The Dumbest Insurance Fraud Attempts Ever: #3

Posted on June 13, 2014 and updated March 20, 2018 in Humour, Life Insurance Canada News 4 min read

U.S. Judge Obtains a Pilot’s License While Fraudulently Claiming Brain Injury

Improving your financial situation with fraudulent insurance money can be tempting even to a very respectful and ethical person. This was the case of Michael Joyce, a former Pennsylvania state Superior Court judge who decided to break the law and cheat two insurance companies after a minor car accident. He probably expected that no one would be suspicious — but buying a plane, paying for plastic surgery for a new girlfriend, and going scuba diving are just a bit over the line for a more-than-50-year-old person who claims that his neck pain prevents him from pursuing higher judicial office.

An Afghan Air Force airman a student attending pilot training operates an Mi 17 helicopter simulator Oct  26 2013 at Shindand Air Base Afghanistan 131026 F IG195 470

Before the accident, Judge Joyce lived an exemplary life. He returned from Vietnam as a Bronze Star veteran, got a law degree, and served as a White House clerk during the Ford Administration. Afterwards, he ran his own practice and later was elected judge for the Erie County court. His career was progressing promisingly and he was elected judge for the Pennsylvania Superior Court.

However, not everything was as it seemed. Apparently Joyce had some financial difficulties and was defaulting with his rent after a breakup with his girlfriend. In addition to his personal problems, an SUV bumped into his state-leased Mercedes Benz at a traffic light. Even though neither medical nor law enforcement personnel were called to the accident scene, Joyce later claimed that this low-speed collision affected his professional and personal life in a very significant way.

at-the-doctors

Judge Joyce went to see a doctor complaining of persistent neck and back pain, headaches, difficulty sleeping, anxiety, and short-term memory loss. He told his neurologist that his fingers were numb and he could barely hold a cup of coffee. Apparently, his injuries did not only prevent him from playing golf, scuba diving or exercising, but more importantly, he also had to work 12 hours a day and weekends to do the same amount of work he was able to do when working fewer hours a day before the injury. This made it impossible for him to pursue higher judicial office. He also falsely asserted that he had received the Republican endorsement and nomination in an election for a seat on the Pennsylvania Supreme Court.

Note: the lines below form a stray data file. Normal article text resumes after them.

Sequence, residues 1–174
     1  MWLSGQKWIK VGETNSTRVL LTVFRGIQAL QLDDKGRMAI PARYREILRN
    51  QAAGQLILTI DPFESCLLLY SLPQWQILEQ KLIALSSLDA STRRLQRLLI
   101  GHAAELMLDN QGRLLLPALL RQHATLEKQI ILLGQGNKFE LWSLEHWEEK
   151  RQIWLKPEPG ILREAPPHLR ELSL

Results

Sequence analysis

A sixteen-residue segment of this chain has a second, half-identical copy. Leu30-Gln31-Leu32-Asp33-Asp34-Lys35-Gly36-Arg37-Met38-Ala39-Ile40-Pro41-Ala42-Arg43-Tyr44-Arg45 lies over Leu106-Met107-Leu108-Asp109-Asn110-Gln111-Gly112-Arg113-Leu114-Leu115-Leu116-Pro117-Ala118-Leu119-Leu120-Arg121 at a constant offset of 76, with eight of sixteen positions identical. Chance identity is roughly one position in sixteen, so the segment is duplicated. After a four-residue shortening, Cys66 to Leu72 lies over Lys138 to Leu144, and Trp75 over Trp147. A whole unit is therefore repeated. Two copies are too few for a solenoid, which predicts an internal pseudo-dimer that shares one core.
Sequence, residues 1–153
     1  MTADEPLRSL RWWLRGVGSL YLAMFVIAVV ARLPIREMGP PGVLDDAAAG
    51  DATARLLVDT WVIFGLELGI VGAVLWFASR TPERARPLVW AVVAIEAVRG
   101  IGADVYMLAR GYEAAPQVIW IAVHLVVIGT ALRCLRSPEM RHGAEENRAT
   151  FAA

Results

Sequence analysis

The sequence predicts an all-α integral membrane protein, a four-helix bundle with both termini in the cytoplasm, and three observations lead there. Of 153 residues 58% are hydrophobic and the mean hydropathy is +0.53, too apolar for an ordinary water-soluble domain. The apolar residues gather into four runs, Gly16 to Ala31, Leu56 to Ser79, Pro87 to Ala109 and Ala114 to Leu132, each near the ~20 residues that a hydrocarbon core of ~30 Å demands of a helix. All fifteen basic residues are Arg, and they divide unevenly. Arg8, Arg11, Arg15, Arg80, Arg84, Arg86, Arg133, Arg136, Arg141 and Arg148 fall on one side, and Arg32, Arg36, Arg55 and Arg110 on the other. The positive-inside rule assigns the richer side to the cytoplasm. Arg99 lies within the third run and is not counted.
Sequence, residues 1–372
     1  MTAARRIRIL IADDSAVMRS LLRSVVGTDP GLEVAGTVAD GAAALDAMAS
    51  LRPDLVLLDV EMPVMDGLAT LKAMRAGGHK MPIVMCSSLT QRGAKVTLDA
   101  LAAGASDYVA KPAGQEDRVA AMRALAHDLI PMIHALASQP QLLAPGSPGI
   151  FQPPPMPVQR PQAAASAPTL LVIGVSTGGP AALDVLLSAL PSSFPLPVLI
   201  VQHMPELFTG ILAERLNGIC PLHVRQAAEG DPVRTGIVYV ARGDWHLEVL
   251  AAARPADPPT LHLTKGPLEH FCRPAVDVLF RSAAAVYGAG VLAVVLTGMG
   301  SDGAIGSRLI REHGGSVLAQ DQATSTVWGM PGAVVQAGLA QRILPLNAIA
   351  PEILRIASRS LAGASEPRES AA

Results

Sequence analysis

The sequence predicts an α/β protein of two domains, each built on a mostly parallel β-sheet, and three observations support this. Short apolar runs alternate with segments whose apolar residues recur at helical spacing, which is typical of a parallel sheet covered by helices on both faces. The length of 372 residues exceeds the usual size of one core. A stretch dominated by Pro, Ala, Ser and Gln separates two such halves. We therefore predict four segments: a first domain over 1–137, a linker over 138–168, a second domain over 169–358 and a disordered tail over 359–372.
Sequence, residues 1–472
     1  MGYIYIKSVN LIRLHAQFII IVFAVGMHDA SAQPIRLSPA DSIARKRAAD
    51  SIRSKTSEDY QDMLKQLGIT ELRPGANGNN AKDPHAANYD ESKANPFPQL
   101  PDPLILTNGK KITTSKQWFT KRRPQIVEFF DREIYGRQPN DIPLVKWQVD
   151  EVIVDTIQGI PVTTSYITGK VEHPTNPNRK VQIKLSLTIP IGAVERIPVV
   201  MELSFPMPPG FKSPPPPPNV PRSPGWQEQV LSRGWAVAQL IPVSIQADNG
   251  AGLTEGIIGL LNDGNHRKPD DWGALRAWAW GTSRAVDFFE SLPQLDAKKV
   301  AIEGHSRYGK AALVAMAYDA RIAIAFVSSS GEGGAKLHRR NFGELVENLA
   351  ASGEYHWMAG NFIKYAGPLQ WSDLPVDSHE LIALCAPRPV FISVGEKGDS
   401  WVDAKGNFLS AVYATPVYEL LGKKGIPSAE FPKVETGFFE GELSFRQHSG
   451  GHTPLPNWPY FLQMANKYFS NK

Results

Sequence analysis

The insurance companies settled his claim within three months without demanding an independent medical examination. Joyce received $440,000 from two insurance companies, $50,000 from the SUV driver’s insurance company in settlement of his bodily injury insurance claim, and $390,000 in settlement from his own insurer under the under-insured motorist provision of his automobile coverage relative to the accident.

However, it was Joyce himself who very recklessly undermined his claims on several occasions. After complaining to one doctor that he suffered brain injuries preventing him from doing his job, he went to see another doctor to clear him for a pilot’s license. There, he mentioned that he did not suffer from any neurological problems and later successfully passed the Federal Aviation Administration’s physical exam for a private pilot’s license.

Apparently, Joyce continued to play golf, scuba dive, exercise, ride motorcycles, rollerblade, and fly airplanes during the same period that he made his insurance claims. Moreover, after receiving the fraudulent money, Joyce went on a spending spree of colossal proportions. He purchased a Harley-Davidson motorcycle, plastic surgery for his new girlfriend, and a hot tub and he paid down payments on a new home and an airplane.

stealing-money

The judge’s appalling conduct did not go unrecognized, and after a trial and an unsuccessful appeal, Joyce was convicted in November 2008 on two counts of mail fraud and six counts of money laundering. He has been sentenced to 46 months in prison to be followed by three years of supervised release and ordered to make $440,000 in restitution. His law license has been suspended, he faces disbarment, and he has also been deprived of his $81,803 annual pension.

The LSM’s Take:

It seems very surprising that the insurance company would settle Joyce’s claim without an independent examination. Sometimes insurers are more relaxed on the claim requirements for smaller policies, but on a claim of this size, it seems strange they would not want to do their own analysis.

avatar
Bryon
Bryon

Wow! Would he have gotten away with it if he had not went for the pilot license? I don’t think frauds will ever go unnoticed, many of these fraudsters always end up making a small mistake that will cause them jail time–as they should!

JohnnyL
JohnnyL

I would think that a person so high on the judicial ladder should be intelligent enough to at least try to cover his tracks somehow. This one obviously wasn’t.

LSM Insurance
LSM Insurance

Thanks, for the comment Johnny. Well, you’re right, he obviously didn’t give his plan much thought when he applied for the pilot’s license in the same time as he was pretending the brain injury.

Ami Maishlish
Ami Maishlish

It would be interesting if there were stats on the frequency of white collar crime among those who enact laws (politicians) and are in the business of law adjudication (lawyers and elected judges) versus the general population. Just heard on the news that an Ontario mayor (not Toronto) was charged with fraud that allegedly occurred during his term as a lawmaker in 2005.